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Management by Objectives – MBO

What is 'Management by Objectives - MBO?'


Management by objectives (MBO) is a management model that aims to improve performance
of an organization by clearly defining objectives that are agreed to by both management and
employees. According to the theory, having a say in goal setting and action plans should
ensure better participation and commitment among employees, as well as alignment of
objectives across the organization. The term was first outlined by management guru Peter
Drucker in 1954 in his book "The Practice of Management."

Key Concepts

The core concept of MBO is planning, which means that an organization and its members are
not merely reacting to events and problems but are instead being proactive. MBO requires
that employees set measurable personal goals based upon the organizational goals. For
example, a goal for a civil engineer may be to complete the infrastructure of a housing division
within the next twelve months. The personal goal aligns with the organizational goal of
completing the subdivision.

MBO is a supervised and managed activity so that all of the individual goals can be
coordinated to work towards the overall organizational goal. You can think of an individual,
personal goal as one piece of a puzzle that must fit together with all of the other pieces to
form the complete puzzle: the organizational goal. Goals are set down in writing annually and
are continually monitored by managers to check progress. Rewards are based upon goal
achievement.

The process of setting objectives in the organization to give a sense of direction to the
employees is called as Management by Objectives. It refers to the process of setting goals for
the employees so that they know what they are supposed to do at the workplace.
Management by Objectives defines roles and responsibilities for the employees and help
them chalk out their future course of action in the organization. Management by objectives
guides the employees to deliver their level best and achieve the targets within the stipulated
time frame.

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Need for Management by Objectives (MBO)

The essence of MBO is participative goal setting, choosing the course of actions and decision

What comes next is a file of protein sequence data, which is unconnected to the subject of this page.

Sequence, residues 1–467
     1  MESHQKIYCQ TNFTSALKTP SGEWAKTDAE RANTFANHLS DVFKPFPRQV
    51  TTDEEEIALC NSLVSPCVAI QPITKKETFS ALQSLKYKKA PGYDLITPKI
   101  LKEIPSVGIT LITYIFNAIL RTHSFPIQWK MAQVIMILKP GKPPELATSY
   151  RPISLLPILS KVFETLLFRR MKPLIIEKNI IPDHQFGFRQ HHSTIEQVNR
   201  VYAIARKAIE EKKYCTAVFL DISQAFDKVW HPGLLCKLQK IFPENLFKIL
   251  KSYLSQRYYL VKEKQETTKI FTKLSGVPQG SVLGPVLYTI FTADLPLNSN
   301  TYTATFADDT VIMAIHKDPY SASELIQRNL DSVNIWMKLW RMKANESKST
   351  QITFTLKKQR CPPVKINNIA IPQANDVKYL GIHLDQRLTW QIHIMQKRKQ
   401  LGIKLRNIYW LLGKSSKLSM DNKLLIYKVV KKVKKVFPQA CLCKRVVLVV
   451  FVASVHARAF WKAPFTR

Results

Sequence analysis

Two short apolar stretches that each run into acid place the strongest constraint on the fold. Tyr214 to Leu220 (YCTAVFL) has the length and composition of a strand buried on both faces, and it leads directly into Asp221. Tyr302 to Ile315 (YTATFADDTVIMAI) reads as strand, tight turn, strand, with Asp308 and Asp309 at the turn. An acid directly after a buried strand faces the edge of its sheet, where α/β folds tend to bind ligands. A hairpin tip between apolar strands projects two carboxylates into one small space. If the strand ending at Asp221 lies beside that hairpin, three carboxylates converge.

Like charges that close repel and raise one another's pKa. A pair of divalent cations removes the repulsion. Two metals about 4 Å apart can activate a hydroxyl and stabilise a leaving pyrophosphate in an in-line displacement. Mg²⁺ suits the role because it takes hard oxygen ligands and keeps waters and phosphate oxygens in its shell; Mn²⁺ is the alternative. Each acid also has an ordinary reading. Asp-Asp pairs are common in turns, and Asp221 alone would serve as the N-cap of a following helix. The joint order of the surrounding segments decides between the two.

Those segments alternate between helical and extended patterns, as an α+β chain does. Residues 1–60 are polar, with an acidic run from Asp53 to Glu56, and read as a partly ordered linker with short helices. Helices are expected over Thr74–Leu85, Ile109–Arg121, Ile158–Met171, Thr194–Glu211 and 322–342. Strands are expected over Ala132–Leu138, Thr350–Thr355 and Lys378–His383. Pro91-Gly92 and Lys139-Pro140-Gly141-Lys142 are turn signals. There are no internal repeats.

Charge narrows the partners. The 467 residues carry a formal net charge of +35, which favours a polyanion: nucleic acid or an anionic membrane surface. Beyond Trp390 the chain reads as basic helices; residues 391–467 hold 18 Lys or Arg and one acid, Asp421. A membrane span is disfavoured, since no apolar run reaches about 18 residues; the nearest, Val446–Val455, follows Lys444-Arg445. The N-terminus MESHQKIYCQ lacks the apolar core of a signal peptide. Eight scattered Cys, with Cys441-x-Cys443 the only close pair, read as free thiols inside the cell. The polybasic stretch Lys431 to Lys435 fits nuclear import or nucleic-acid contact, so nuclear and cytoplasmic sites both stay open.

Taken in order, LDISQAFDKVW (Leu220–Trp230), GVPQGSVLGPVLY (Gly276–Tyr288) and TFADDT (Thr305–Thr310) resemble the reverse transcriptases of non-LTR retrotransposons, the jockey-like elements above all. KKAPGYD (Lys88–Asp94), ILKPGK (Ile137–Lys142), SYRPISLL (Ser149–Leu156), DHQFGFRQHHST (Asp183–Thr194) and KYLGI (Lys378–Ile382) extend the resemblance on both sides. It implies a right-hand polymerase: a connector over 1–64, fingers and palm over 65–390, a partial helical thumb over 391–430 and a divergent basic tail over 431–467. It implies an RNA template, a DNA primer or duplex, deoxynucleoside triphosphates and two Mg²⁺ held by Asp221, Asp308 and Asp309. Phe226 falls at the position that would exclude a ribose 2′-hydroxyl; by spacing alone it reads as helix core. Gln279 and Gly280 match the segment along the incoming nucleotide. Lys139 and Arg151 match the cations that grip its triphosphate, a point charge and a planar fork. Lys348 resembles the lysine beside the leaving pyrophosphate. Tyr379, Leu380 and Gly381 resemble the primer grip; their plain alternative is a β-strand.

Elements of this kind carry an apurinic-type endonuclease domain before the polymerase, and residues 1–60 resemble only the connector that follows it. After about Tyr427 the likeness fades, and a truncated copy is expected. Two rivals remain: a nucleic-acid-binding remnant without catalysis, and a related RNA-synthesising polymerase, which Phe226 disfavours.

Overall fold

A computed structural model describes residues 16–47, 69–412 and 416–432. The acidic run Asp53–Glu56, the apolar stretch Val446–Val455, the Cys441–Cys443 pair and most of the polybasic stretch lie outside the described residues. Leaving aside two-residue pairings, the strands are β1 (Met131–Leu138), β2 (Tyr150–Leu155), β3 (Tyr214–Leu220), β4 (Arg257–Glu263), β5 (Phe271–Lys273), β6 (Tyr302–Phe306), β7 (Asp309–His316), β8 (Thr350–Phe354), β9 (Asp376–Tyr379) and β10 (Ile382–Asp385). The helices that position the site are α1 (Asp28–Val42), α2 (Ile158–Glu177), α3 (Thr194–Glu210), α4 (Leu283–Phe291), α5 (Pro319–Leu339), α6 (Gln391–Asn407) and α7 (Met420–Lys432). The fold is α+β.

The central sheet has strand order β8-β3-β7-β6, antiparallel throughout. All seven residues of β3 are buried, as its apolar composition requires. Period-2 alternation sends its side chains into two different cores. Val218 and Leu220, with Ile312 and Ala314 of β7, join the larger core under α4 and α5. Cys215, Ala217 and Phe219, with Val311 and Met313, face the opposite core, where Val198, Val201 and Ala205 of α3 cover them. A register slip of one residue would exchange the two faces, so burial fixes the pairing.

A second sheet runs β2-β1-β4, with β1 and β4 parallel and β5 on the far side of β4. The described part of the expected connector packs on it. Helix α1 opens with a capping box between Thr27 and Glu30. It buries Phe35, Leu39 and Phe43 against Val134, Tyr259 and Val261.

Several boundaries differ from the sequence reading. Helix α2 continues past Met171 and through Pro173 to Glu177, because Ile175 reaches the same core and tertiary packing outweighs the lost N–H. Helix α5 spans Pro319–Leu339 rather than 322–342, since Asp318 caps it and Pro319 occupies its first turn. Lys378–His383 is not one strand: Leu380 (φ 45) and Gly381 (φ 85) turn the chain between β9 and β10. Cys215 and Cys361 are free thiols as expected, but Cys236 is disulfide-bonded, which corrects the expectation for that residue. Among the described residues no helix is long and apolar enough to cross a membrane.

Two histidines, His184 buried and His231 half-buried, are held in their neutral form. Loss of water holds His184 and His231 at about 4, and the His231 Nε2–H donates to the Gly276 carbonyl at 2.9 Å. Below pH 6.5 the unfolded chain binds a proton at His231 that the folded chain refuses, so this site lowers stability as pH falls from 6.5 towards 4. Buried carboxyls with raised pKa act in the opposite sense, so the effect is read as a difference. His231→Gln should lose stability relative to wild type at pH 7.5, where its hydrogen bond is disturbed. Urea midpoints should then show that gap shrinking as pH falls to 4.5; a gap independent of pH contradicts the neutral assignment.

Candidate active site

making. An important part of the MBO is the measurement and the comparison of the
employee’s actual performance with the standards set.
The MBO should be defined that Management By Objectives is a management system in
which specific performance goal are jointly determined by employees and their managers,
progress toward accomplishing those goals is periodically reviewed and rewards are allocated
on the basis of this progress.

 The Management by Objectives process helps the employees to understand their


duties at the workplace.
 KRAs are designed for each employee as per their interest, specialization and
educational qualification.
 The employees are clear as to what is expected out of them.
 Management by Objectives process leads to satisfied employees. It avoids job
mismatch and unnecessary confusions later on.
 Employees in their own way contribute to the achievement of the goals and objectives
of the organization. Every employee has his own role at the workplace. Each one feels
indispensable for the organization and eventually develops a feeling of loyalty towards
the organization. They tend to stick to the organization for a longer span of time and
contribute effectively. They enjoy at the workplace and do not treat work as a burden.
 Management by Objectives ensures effective communication amongst the
employees. It leads to a positive ambience at the workplace.
 Management by Objectives leads to well defined hierarchies at the workplace. It
ensures transparency at all levels. A supervisor of any organization would never